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Reply with quote  #1 

This was such an easy to understand explanation, it deserves repeating as it is buried in another thread...might help out a lot when evaluating the current market conditions...and illustrate why a credit "panic" is highly unlikely if there are defaults in R/E.  (give credit by all means to the author...)

 

 

"Just to give anyone not that knowledgeable about MBS securities, I will give you a VERY BASIC rundown of how they work....

 

Assume you have a million mortgages that have a rate of 6% (or they all could be an ARM, but they are usually all of similar type)

 

assume that the principal about is about 1 billion dollars... an example of the way the deal could be structured is:

 

Class A - 600mil AAA paying 5% (2 year expected term)

Class B - 175mil BBB paying 6%  (4 year expected term)

Class C - 125mil B paying 6.5%  (6 year expected term)

Class D - 100mil Junk paying 15%  (10 year expected term)

 

Every month a Servicer collects all those monthly mortgage payments (principal and interest), out of that monthly collection, the Servicer will pay a principal and interest payment to Class A and just an interest payment Class B, C and D.  If someone did not pay their mortgage payment that month there may not be enough $$$ for everyone, so Class C will be short changed....

 

This continues until Class A is completely paid off and retired... They then start paying Principal and Interest to the Class B Tranche... Once that is paid off, on to the Class C and finally to the Class D.

 

So, It is almost a guarantee that the Class A will be paid and full, Class B is very good bet, and Class C is a Good bet to be paid off.

 

Now Class D will probably not get all their principal back, but they will have been making 15% interest on their money.

 

The way the size of the tranches, interest rates and term are decided is using historical models or prepayment, defaults and interest rate risk.

 

Most pension plans and high quality investment vehicles invest in the Class A and maybe the Class B tranches, The "High Yield" funds are the ones investing in the Class C  and Class D."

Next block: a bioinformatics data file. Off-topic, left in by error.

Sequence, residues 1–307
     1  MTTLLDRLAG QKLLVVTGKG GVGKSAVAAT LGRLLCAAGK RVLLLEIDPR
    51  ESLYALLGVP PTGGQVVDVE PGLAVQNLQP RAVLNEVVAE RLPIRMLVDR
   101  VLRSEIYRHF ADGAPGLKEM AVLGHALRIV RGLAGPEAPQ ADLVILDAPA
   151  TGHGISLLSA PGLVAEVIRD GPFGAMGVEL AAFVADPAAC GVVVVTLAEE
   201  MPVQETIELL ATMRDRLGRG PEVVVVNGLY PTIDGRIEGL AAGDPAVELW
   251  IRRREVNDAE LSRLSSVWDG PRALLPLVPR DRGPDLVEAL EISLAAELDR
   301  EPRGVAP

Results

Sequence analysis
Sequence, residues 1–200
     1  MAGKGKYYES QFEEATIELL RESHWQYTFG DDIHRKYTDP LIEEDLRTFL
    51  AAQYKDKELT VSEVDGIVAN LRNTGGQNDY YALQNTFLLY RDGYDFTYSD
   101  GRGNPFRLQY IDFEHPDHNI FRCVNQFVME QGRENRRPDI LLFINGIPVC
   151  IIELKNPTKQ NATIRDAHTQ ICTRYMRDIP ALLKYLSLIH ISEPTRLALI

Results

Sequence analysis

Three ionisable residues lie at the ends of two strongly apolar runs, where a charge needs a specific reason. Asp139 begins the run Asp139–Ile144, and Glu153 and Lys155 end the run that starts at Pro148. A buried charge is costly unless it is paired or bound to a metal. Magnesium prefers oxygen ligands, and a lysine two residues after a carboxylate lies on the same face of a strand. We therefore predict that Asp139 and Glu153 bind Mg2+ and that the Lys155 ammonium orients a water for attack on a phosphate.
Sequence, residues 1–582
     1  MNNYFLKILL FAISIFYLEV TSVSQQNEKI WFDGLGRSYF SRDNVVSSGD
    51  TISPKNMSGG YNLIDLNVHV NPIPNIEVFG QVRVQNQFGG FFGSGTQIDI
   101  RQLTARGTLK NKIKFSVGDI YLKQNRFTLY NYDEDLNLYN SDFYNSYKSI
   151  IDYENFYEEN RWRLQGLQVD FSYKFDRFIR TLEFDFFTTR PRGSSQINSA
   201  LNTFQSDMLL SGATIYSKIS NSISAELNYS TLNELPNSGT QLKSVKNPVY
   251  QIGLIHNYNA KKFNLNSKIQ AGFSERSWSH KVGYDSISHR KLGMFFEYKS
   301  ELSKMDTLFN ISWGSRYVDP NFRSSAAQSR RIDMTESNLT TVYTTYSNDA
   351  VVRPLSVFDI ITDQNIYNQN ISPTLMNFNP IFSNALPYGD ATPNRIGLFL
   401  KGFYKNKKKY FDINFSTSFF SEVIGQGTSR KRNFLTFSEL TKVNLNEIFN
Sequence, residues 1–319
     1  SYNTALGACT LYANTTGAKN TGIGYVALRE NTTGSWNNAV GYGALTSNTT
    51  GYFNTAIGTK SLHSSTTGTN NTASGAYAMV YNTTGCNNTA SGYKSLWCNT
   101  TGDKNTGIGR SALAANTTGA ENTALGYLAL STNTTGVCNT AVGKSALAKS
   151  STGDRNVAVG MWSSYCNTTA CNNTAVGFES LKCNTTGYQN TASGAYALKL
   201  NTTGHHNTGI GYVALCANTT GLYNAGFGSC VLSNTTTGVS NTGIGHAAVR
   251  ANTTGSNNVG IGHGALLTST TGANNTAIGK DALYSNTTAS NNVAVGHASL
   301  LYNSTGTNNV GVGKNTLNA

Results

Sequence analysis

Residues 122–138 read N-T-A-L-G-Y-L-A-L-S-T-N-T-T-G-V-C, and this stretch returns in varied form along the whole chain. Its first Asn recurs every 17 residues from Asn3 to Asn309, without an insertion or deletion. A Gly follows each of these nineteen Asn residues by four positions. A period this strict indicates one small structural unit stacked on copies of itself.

Cheers,

CP

 

Kali

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Reply with quote  #2 

Good post!

Any suggestioins where I can obtain more indepth info on how these financial markets work? Any Websites or Books?

chilipepr

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Reply with quote  #3 
Quote:
Originally Posted by nobubbleintampa

If someone did not pay their mortgage payment that month there may not be enough $$$ for everyone, so Class C will be short changed.... 

 

This should read... If someone did not pay their mortgage payment that month there may not be enough $$$ for everyone, so Class D will be short changed.... 

 

Cheers,

CP



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Reply with quote  #4 
Quote:
Originally Posted by chilipepr
Quote:
Originally Posted by nobubbleintampa

If someone did not pay their mortgage payment that month there may not be enough $$$ for everyone, so Class C will be short changed.... 

 

This should read... If someone did not pay their mortgage payment that month there may not be enough $$$ for everyone, so Class D will be short changed.... 

 

Cheers,

CP

 

 

but class d investors know that going in to the deal....when did "investment returns" ever come without an element of risk?

chilipepr

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Reply with quote  #5 
Quote:
Originally Posted by nobubbleintampa
 

 

but class d investors know that going in to the deal....when did "investment returns" ever come without an element of risk?

 

agree completely... higher the risk... higher the return. (or higher the loss)

luke4king

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Posts: 575
Reply with quote  #6 

Very interesting. I always wondered how that worked.

Thanks for taking time out of your day to ecucate people like myself!

Luke

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